Give Me Everything You Have: On Being Stalked

Give Me Everything You Have On Being Stalked A true story of obsessive love turning to obsessive hate Give Me Everything You Have chronicles the author s strange and harrowing ordeal at the hands of a former student a self styled verbal terror

  • Title: Give Me Everything You Have: On Being Stalked
  • Author: James Lasdun
  • ISBN: 9780374219079
  • Page: 337
  • Format: Hardcover
  • A true story of obsessive love turning to obsessive hate, Give Me Everything You Have chronicles the author s strange and harrowing ordeal at the hands of a former student, a self styled verbal terrorist, who began trying, in her words, to ruin him Hate mail, online postings, and public accusations of plagiarism and sexual misconduct were her weapons of choice and, asA true story of obsessive love turning to obsessive hate, Give Me Everything You Have chronicles the author s strange and harrowing ordeal at the hands of a former student, a self styled verbal terrorist, who began trying, in her words, to ruin him Hate mail, online postings, and public accusations of plagiarism and sexual misconduct were her weapons of choice and, as with conventional terrorist weapons, they proved remarkably difficult to combat James Lasdun s account, while terrifying, is told with compassion and humor, and brilliantly succeeds in turning a highly personal story into a profound meditation on subjects as varied as madness, race, Middle East politics, and the meaning of honor and reputation in the Internet age.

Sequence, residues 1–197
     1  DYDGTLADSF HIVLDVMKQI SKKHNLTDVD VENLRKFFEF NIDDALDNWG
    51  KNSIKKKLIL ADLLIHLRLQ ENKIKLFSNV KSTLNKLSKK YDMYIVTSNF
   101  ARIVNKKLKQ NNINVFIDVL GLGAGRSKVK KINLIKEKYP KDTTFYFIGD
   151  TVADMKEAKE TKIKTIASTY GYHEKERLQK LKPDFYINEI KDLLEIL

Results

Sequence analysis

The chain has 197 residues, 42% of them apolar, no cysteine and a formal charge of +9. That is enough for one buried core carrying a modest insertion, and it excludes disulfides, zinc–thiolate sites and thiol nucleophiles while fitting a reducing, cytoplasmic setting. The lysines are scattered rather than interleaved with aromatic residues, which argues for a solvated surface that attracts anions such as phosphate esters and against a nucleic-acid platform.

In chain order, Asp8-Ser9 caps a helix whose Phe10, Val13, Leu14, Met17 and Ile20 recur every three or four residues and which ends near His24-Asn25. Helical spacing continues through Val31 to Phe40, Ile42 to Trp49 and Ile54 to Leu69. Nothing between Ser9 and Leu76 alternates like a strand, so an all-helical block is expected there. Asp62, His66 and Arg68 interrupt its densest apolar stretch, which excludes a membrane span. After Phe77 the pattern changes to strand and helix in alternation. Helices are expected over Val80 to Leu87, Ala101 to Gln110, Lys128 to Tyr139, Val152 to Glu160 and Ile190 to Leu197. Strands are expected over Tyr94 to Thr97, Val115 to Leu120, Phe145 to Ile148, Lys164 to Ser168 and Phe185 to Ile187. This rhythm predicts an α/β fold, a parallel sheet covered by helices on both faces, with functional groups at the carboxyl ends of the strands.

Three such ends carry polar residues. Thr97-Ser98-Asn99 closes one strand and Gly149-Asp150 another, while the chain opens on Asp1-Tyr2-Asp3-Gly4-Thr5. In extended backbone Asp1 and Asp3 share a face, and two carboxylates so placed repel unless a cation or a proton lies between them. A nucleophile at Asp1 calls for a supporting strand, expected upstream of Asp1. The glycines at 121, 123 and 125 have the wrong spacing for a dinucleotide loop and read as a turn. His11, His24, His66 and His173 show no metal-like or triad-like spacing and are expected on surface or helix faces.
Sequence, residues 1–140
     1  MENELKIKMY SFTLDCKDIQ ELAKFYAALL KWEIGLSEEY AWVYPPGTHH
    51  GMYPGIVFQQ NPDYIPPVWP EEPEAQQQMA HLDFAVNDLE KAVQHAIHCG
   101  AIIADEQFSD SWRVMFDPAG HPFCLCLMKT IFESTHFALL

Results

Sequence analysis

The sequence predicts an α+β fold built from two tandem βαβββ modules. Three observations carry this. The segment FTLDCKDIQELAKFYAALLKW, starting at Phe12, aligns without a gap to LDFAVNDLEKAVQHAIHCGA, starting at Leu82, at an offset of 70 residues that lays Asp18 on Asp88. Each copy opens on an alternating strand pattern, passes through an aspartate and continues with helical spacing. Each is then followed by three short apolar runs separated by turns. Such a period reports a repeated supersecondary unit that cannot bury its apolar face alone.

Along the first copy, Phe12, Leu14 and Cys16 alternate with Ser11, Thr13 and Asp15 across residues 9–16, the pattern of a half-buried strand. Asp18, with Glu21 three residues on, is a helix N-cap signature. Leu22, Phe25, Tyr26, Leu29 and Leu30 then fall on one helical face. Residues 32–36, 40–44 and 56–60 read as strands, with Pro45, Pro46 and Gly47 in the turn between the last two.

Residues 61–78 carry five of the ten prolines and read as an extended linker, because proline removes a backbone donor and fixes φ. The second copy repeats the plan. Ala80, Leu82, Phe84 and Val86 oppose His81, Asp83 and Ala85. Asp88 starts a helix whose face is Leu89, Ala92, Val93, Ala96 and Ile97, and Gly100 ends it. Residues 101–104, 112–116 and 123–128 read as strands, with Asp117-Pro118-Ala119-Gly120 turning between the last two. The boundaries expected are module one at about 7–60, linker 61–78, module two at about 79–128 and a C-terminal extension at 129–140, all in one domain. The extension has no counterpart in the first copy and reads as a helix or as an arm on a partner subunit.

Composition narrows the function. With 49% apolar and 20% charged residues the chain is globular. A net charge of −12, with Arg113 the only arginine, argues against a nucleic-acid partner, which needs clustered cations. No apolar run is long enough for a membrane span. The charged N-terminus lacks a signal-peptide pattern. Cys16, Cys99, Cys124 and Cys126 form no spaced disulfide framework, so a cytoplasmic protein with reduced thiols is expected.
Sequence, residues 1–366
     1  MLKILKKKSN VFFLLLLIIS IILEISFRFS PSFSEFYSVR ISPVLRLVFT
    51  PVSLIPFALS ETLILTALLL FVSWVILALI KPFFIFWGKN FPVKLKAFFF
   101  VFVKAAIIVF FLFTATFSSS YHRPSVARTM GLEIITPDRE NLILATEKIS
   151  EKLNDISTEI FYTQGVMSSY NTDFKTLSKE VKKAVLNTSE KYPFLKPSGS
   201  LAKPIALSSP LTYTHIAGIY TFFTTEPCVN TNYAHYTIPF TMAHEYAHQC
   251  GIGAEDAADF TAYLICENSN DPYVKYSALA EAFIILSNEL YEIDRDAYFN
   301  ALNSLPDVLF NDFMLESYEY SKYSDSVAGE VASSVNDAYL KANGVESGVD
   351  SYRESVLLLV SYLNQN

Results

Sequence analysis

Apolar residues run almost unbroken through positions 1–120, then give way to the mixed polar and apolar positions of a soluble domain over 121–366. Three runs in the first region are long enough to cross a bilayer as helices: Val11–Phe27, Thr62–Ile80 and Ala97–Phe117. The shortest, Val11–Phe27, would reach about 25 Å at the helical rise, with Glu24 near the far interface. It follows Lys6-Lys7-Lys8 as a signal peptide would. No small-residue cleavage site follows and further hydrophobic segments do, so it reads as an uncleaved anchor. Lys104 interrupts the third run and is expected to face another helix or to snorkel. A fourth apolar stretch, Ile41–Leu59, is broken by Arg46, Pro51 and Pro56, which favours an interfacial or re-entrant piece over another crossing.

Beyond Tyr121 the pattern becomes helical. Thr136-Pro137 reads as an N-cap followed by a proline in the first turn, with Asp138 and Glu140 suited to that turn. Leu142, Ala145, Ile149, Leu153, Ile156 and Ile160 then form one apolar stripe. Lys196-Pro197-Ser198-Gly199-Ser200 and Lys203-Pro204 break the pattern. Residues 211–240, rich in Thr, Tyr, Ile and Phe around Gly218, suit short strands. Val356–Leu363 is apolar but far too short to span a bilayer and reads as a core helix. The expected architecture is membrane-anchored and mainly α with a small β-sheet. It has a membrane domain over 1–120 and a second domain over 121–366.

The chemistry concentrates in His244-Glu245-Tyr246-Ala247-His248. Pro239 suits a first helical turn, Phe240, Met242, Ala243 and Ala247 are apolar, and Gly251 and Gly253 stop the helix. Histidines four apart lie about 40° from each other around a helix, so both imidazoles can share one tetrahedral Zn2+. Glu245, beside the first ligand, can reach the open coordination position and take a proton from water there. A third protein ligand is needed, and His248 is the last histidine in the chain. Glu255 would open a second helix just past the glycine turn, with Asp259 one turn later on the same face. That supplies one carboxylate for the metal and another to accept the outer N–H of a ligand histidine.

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      Published :2020-06-27T11:47:14+00:00

    About "James Lasdun"

    1. James Lasdun

      James Lasdun was born in London and now lives in upstate New York He has published two novels as well as several collections of short stories and poetry He has been long listed for the Man Booker Prize and short listed for the Los Angeles Times, T S Eliot, and Forward prizes in poetry and he was the winner of the inaugural U.K BBC Short Story Prize His nonfiction has been published in Harper s Magazine, Granta, and the London Review of Books.